Tag Archives: Geek Games

Does the Stork bring me plots?

Aleyne Desert

 

This month’s topic: Topic: In designing your plots what do you rely on most: personal
experience, imagination, or research?

I’ve been giving this a lot of thought in the weeks since we decided on this topic, trying to tease out just where my plot ideas came from. In order to keep this investigation to a reasonable size < grin> I decided to concentrate on the four science fiction novels in my Novels of Aleyne series.

As in all science fiction, the world in which the novels take place came from my imagination, but it came from both the Plot Fairy and my own personal experience. The novels take place on a military base. The main characters in two of the novels, Brad from Broken Bonds and Rob from Rob’s Rebellion are army officers. The main characters of the other two, Keth from Relocated and Martin from Geek Games, are adolescent boys. The setting I used is an army base  a desert environment. In Broken Bonds, the legal system takes on a major role, as does computer hacking in Geek Games. Many of the important secondary characters in the series are either army officers, writers, artists, or musicians.  These are all elements with which I am personally familiar or which I was able to research in order to get enough information to fill out the plot.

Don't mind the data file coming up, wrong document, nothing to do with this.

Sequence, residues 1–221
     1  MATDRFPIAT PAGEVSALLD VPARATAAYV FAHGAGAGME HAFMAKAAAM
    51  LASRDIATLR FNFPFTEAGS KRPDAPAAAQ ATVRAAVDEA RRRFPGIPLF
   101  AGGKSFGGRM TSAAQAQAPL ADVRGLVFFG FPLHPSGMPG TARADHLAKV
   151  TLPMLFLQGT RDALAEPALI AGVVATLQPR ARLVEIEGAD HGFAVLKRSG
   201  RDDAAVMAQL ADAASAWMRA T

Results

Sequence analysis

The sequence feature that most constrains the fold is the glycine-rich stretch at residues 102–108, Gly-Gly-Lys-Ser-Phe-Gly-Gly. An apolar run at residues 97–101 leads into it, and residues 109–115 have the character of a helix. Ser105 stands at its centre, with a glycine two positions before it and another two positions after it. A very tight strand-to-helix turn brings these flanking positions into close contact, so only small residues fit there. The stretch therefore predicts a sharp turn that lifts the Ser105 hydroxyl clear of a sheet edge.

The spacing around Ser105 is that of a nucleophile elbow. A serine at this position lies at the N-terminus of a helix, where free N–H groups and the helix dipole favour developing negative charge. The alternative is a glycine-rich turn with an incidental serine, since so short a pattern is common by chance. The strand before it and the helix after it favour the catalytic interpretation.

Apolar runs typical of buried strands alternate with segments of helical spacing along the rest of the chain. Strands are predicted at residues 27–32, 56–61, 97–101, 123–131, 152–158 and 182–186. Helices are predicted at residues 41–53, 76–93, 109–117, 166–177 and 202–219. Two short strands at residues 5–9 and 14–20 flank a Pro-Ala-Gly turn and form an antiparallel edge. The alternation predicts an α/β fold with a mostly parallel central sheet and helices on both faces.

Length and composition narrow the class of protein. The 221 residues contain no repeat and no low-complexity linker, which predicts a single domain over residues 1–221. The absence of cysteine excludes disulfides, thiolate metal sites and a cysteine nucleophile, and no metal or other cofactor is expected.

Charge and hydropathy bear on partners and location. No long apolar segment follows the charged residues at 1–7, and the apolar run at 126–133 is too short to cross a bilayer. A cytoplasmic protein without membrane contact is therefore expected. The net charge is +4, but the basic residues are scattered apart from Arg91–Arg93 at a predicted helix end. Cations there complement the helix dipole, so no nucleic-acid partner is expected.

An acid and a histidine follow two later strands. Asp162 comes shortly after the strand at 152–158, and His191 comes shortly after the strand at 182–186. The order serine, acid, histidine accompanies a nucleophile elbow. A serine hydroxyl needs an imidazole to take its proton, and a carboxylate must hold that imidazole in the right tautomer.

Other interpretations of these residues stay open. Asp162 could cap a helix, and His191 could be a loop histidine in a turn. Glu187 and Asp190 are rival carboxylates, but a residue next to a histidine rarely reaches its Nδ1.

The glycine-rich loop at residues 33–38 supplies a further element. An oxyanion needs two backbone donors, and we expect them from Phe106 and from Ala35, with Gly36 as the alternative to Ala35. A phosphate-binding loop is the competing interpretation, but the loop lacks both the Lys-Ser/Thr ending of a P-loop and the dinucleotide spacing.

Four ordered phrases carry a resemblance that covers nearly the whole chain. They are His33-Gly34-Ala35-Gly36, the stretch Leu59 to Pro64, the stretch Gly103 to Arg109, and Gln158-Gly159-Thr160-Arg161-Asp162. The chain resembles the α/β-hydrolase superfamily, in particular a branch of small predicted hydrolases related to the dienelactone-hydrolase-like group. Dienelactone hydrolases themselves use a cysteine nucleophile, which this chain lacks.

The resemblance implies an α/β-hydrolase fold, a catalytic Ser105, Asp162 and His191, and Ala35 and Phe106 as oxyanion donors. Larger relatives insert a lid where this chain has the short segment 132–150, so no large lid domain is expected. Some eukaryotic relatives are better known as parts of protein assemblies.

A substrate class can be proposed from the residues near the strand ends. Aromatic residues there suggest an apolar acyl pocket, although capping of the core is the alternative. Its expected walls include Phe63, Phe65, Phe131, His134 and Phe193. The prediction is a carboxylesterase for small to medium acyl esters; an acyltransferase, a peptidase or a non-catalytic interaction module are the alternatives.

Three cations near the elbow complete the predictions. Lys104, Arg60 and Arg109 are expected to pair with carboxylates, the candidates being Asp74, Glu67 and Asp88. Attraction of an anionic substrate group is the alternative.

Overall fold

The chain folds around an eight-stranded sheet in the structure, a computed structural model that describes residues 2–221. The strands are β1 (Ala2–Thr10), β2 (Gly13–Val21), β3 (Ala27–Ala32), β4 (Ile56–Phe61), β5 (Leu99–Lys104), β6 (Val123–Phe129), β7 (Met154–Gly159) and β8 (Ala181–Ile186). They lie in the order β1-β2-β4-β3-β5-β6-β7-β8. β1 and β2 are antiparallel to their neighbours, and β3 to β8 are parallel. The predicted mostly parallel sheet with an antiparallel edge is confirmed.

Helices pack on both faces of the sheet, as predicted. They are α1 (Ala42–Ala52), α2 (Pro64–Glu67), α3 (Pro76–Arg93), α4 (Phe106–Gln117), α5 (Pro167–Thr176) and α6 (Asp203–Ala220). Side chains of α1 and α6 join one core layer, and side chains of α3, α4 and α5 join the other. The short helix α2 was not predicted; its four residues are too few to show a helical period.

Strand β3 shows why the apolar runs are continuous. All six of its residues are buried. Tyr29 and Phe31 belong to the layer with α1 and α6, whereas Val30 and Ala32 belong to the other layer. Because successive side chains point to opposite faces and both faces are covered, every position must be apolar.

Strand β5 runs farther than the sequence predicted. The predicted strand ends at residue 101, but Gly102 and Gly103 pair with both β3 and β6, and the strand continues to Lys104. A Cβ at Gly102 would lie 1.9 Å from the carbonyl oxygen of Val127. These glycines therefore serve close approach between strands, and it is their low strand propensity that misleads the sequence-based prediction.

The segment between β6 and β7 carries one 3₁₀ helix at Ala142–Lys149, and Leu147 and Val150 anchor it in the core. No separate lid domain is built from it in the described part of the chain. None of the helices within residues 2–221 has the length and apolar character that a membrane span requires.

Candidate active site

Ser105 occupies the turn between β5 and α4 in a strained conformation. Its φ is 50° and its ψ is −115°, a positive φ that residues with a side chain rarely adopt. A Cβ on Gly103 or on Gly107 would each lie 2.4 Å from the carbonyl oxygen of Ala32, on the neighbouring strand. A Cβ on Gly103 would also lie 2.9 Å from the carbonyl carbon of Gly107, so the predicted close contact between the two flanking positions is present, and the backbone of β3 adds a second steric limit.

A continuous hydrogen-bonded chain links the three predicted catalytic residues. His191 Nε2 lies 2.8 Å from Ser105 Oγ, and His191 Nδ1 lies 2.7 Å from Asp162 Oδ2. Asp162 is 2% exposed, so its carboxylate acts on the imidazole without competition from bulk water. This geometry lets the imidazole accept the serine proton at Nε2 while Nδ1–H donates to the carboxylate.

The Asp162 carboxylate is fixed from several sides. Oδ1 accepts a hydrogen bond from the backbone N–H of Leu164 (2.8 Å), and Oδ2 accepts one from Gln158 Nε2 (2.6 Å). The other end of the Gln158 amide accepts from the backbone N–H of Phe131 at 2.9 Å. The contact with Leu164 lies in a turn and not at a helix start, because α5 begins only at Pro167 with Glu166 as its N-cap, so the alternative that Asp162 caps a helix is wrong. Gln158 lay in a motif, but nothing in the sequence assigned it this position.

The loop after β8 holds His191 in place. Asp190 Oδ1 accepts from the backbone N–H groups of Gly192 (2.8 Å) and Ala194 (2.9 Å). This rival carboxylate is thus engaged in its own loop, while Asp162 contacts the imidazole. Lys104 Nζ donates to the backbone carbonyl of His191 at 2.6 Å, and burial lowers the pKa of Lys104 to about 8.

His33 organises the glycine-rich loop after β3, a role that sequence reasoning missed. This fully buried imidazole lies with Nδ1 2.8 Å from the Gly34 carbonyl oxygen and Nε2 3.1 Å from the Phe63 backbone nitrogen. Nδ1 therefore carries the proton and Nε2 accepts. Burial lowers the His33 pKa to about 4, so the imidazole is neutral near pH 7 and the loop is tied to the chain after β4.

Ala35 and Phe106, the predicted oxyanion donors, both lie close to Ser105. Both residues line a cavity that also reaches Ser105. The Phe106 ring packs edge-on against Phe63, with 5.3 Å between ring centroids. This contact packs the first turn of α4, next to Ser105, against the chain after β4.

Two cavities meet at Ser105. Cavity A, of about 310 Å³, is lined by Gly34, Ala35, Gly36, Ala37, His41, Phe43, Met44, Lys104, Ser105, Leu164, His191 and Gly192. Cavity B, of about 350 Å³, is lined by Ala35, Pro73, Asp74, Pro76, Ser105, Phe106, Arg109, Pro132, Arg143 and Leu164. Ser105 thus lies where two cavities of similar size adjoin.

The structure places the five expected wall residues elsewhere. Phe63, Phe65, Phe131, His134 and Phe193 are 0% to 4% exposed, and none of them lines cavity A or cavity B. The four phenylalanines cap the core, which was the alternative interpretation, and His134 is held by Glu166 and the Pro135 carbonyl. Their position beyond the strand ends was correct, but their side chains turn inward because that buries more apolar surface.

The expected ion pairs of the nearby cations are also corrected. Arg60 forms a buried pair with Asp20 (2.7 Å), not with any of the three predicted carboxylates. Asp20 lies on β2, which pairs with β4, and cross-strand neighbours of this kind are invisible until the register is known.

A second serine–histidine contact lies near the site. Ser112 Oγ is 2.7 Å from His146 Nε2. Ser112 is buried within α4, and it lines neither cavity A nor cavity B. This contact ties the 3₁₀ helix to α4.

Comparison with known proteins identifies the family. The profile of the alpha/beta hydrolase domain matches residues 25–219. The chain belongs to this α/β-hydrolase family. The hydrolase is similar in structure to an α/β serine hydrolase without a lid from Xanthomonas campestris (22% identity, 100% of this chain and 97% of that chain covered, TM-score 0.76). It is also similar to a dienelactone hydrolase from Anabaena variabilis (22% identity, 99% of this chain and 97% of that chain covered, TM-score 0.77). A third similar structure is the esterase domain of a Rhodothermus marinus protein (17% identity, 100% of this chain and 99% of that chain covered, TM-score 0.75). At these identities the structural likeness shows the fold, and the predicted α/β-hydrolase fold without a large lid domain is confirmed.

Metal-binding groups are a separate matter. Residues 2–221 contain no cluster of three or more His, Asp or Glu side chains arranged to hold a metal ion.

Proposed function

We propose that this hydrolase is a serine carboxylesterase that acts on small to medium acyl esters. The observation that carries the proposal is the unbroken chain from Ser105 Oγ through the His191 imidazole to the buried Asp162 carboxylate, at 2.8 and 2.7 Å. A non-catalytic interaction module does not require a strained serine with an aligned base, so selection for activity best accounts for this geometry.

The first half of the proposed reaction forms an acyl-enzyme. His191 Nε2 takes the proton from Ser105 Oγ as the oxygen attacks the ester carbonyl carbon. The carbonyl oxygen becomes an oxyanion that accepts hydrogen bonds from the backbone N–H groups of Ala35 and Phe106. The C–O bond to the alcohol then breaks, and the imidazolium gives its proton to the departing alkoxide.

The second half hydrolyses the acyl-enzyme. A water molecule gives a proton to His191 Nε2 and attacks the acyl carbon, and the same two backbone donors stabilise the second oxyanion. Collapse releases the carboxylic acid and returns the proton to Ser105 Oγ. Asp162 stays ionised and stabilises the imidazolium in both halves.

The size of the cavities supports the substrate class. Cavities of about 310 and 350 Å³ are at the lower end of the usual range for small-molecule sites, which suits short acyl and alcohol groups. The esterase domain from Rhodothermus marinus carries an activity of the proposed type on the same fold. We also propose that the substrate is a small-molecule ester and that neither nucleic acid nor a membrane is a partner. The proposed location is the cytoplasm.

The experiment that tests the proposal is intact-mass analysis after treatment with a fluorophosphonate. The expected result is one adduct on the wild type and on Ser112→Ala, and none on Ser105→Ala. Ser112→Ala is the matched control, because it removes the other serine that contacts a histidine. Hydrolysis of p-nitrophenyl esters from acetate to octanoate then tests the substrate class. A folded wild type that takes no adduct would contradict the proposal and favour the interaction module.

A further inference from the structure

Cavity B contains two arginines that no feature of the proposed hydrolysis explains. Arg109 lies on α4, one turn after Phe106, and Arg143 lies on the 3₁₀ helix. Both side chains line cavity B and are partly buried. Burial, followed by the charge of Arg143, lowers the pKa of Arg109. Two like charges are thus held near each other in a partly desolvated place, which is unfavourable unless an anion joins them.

First, the desert and the army. My father, an attorney, served in World War II and entertained my sister and me with many stories when we were growing up. My father was a Judge Advocate General — basically, the army equivalent of a district attorney.  He told a story about a Black sergeant who was prosecuted for going AWOL to a bar that was 100 yards off the base. None of the White officers who were with him were brought up on charges. This story haunted me, and a secondary character, Johnny Dragon, is a Black sergeant who is imprisoned by the military for the same charge and who befriends Brad, my main character.